During the COVID-19 pandemic, it is paramount that people use wise reasoning to manage the uncertainty and work together, according to research from the University of Waterloo.

An international team of wisdom scientists led by a University of Waterloo professor have developed a Common Wisdom Model (CWM) that offers insights for exercising wisdom during societal challenges such as the current COVID-19 pandemic. 

According to the CWM, people can boost their wise reasoning when they maintain humility about their own knowledge, adapt to contexts, engage multiple viewpoints, and attempt to balance differing views. 

“A common wisdom model can provide a starting point for developing interventions to help combat foolish tendencies and balance personal interests with societal needs during these times of heightened risk and anxiety,” says Igor Grossmann, lead researcher on the study and Director of Waterloo’s Wisdom and Culture lab.

An international collaboration of wisdom researchers, led by Grossmann, performed a systematic review of theories to find the central characteristics of wisdom. Their model suggests that human capacity for wisdom chiefly concerns a combination of moral aspirations and wise reasoning – a set of meta-cognitive strategies allowing us to shift perspectives when reflecting on our own and others' thoughts.

The specific morality-based thought processes that guide wise solutions for social and societal challenges are, 1) consideration of shared humanity, 2) focus on the common good, and 3) pursuit of truth.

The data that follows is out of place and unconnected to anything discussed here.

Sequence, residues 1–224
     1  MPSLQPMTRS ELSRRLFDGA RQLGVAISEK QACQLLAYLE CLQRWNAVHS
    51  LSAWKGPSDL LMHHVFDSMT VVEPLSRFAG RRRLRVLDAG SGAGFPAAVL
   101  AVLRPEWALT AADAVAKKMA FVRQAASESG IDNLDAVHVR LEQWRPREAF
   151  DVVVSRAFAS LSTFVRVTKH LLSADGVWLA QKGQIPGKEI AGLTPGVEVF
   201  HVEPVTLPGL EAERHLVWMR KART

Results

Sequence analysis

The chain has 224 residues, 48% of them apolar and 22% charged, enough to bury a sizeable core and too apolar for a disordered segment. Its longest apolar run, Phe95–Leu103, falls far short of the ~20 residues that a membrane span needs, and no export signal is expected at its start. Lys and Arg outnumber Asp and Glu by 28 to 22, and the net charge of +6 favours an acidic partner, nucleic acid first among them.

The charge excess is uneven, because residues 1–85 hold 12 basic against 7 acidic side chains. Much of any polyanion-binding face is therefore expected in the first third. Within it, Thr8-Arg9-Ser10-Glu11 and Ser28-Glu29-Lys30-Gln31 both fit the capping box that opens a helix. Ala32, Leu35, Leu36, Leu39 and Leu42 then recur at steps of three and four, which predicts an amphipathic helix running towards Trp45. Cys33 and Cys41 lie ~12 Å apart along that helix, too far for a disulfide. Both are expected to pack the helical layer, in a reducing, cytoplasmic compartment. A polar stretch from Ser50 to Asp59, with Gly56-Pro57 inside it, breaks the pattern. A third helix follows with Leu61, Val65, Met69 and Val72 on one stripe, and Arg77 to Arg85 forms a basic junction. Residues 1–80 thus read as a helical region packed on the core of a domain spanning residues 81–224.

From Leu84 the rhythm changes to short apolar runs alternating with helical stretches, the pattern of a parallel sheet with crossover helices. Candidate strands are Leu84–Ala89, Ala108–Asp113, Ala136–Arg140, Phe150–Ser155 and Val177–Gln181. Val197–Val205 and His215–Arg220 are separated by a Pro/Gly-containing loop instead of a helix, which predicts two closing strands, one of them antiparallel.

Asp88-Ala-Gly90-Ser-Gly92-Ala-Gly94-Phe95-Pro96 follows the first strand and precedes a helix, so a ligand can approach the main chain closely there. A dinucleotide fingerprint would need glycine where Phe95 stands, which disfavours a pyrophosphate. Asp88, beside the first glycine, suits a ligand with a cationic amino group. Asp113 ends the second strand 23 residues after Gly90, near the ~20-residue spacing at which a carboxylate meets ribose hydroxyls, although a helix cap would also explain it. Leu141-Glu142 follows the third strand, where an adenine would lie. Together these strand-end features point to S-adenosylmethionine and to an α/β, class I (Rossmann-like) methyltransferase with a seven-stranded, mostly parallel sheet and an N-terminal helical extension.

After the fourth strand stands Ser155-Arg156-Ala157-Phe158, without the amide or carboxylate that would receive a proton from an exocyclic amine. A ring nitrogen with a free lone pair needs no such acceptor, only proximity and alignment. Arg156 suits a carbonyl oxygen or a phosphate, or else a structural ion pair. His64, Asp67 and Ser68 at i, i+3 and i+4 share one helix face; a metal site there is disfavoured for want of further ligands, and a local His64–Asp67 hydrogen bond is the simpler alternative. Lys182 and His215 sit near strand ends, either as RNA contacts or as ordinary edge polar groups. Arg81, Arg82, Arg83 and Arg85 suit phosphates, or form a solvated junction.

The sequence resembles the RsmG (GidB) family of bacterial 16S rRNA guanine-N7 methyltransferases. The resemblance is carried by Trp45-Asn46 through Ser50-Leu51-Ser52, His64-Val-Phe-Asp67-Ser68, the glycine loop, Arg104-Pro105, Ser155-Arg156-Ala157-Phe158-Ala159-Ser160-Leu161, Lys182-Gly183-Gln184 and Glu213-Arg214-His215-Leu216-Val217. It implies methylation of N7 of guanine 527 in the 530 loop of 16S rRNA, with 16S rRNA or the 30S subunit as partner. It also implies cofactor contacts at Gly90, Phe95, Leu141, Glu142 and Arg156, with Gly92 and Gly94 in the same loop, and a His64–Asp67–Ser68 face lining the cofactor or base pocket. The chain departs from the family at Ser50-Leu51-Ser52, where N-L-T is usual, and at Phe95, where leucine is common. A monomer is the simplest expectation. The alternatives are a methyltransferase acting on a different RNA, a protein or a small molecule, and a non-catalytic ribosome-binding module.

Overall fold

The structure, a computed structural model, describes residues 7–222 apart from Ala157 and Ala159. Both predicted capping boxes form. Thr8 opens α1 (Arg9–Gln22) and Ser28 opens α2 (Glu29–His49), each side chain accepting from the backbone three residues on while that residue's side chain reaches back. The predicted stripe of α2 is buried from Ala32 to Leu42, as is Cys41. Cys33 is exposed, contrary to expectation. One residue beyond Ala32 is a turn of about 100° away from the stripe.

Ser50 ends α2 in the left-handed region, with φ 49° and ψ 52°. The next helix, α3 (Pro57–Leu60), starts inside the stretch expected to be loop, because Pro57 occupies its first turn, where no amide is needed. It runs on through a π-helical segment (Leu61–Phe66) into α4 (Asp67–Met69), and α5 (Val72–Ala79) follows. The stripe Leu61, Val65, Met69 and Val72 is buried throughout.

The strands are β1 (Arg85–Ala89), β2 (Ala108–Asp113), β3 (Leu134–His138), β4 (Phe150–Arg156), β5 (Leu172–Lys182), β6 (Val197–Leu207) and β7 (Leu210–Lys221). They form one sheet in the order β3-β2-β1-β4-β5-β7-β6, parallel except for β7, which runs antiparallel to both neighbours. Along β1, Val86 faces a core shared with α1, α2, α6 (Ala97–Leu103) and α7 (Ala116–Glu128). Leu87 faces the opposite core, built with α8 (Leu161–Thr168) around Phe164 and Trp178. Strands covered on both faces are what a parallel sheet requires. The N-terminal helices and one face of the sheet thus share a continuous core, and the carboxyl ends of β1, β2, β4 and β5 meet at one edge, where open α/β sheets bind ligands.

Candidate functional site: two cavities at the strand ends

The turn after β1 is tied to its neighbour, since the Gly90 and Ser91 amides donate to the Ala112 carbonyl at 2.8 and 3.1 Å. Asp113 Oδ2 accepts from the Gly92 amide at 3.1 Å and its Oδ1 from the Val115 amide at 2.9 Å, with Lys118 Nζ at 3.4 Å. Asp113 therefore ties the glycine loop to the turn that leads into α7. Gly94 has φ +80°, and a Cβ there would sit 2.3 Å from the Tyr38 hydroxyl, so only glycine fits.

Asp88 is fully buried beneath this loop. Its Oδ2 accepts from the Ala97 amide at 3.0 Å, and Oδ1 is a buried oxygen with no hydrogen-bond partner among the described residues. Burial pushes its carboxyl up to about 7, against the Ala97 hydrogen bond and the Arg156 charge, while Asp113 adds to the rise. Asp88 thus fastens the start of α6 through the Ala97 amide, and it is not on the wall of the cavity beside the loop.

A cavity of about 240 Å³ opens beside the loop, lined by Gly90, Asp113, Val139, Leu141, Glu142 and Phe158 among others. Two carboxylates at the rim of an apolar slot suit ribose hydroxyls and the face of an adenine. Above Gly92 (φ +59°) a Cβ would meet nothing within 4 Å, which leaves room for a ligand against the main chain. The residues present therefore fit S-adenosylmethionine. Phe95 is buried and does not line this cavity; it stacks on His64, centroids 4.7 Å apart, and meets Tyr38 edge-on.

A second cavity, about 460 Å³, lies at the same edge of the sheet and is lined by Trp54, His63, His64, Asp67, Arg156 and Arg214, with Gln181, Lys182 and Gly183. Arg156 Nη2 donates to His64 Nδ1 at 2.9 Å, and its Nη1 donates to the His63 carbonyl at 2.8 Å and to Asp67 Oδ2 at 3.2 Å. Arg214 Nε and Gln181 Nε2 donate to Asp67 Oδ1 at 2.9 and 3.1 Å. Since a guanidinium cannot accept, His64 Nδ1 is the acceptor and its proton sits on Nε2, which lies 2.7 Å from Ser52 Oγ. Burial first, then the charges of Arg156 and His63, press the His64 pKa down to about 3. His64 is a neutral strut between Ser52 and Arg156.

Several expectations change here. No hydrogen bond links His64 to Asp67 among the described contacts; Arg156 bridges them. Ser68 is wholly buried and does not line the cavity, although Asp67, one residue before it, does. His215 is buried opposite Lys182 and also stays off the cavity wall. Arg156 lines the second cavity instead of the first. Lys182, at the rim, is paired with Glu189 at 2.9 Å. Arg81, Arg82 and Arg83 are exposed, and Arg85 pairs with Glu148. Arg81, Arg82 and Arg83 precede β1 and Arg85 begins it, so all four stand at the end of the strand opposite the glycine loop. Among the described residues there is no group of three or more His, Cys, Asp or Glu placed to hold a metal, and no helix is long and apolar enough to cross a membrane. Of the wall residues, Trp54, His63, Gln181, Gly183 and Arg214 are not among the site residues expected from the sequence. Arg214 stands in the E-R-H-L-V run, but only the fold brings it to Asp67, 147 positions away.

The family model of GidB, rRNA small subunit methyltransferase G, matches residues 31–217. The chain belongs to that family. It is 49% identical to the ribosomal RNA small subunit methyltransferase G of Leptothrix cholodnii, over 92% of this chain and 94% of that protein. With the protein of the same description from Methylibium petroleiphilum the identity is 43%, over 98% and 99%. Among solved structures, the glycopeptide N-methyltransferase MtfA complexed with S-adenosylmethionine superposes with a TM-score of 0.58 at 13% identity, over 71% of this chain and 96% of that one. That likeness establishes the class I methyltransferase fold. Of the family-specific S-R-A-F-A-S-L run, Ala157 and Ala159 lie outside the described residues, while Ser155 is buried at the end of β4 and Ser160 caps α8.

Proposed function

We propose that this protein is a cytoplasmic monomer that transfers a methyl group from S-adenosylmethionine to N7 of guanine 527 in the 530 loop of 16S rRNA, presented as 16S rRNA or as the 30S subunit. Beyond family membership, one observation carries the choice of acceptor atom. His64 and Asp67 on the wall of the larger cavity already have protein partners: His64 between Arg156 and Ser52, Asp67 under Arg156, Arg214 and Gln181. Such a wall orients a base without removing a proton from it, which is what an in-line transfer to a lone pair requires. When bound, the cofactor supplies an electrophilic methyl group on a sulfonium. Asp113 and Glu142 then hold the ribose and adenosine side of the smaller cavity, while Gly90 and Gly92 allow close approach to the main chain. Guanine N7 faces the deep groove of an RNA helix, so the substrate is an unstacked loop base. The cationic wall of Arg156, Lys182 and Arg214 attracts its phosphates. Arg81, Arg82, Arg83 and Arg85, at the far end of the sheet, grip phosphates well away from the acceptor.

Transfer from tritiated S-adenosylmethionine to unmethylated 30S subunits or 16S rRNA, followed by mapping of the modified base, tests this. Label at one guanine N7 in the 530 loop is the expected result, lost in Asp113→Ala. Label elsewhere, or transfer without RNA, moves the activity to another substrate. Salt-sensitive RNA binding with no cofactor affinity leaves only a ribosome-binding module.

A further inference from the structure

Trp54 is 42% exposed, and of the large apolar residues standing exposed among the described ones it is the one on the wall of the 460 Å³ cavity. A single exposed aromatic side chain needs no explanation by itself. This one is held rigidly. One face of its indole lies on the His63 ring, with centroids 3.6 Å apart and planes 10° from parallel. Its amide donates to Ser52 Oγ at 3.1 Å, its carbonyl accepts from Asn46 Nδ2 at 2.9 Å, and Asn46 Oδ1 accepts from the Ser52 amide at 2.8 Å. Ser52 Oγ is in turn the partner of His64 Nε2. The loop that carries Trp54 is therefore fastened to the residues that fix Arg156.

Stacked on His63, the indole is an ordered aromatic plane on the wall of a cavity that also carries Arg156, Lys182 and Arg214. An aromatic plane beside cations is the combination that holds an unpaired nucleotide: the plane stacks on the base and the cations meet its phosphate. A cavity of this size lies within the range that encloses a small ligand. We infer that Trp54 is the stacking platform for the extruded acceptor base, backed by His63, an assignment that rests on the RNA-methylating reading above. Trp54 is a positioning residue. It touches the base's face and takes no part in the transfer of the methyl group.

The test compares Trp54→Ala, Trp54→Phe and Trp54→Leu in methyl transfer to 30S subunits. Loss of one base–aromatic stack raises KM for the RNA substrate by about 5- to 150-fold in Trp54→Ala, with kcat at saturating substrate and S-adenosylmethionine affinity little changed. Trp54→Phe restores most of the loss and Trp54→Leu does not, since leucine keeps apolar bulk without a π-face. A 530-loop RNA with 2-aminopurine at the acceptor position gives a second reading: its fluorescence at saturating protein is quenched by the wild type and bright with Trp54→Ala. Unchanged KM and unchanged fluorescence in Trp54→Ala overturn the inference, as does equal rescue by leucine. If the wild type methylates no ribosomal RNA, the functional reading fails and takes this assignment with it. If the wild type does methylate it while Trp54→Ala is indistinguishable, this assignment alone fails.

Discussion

“The common wisdom model is required for implementing abstract moral decisions, allowing us to think through uncertainty, and helping us survive in challenging times by encouraging mutual coordination and long-term planning,” says Grossmann.

By providing guidance on how to identify and measure wisdom, the new model can help scholars and practitioners to devise methods to nurture wisdom in the challenging times ahead. 

“Over the course of the COVID-19 pandemic, societal inequalities and vulnerabilities have become more evident than ever before in the last several decades. People across the world have been asked to make sacrifices to their personal freedoms and economic security,” says Grossmann. “Wisdom is central for understanding how to balance these sacrifices with the protection of vulnerable citizens as society fights this pandemic, and how to navigate the the complex intergroup and geopolitical conflicts on the rise.”

“Even as communities begin to come out of isolation and test appropriate levels of social gathering--some less necessary than others--the CWM provides people a toolbox for reflecting on how they can do it wisely in this context,” he said.

The CWM provides scientists with a foundation for future studies on the role of wisdom in artificial intelligence, counselling, medicine, and neuroscience. It also provides a common language for practitioners interested in wise interventions.


The original paper, The Science of Wisdom in a Polarized World: Knowns and Unknowns, and the follow-up article with commentary, A Common Model is Essential for a Cumulative Science of Wisdom, are published in Psychological Inquiry. Find a link to the web conference here.

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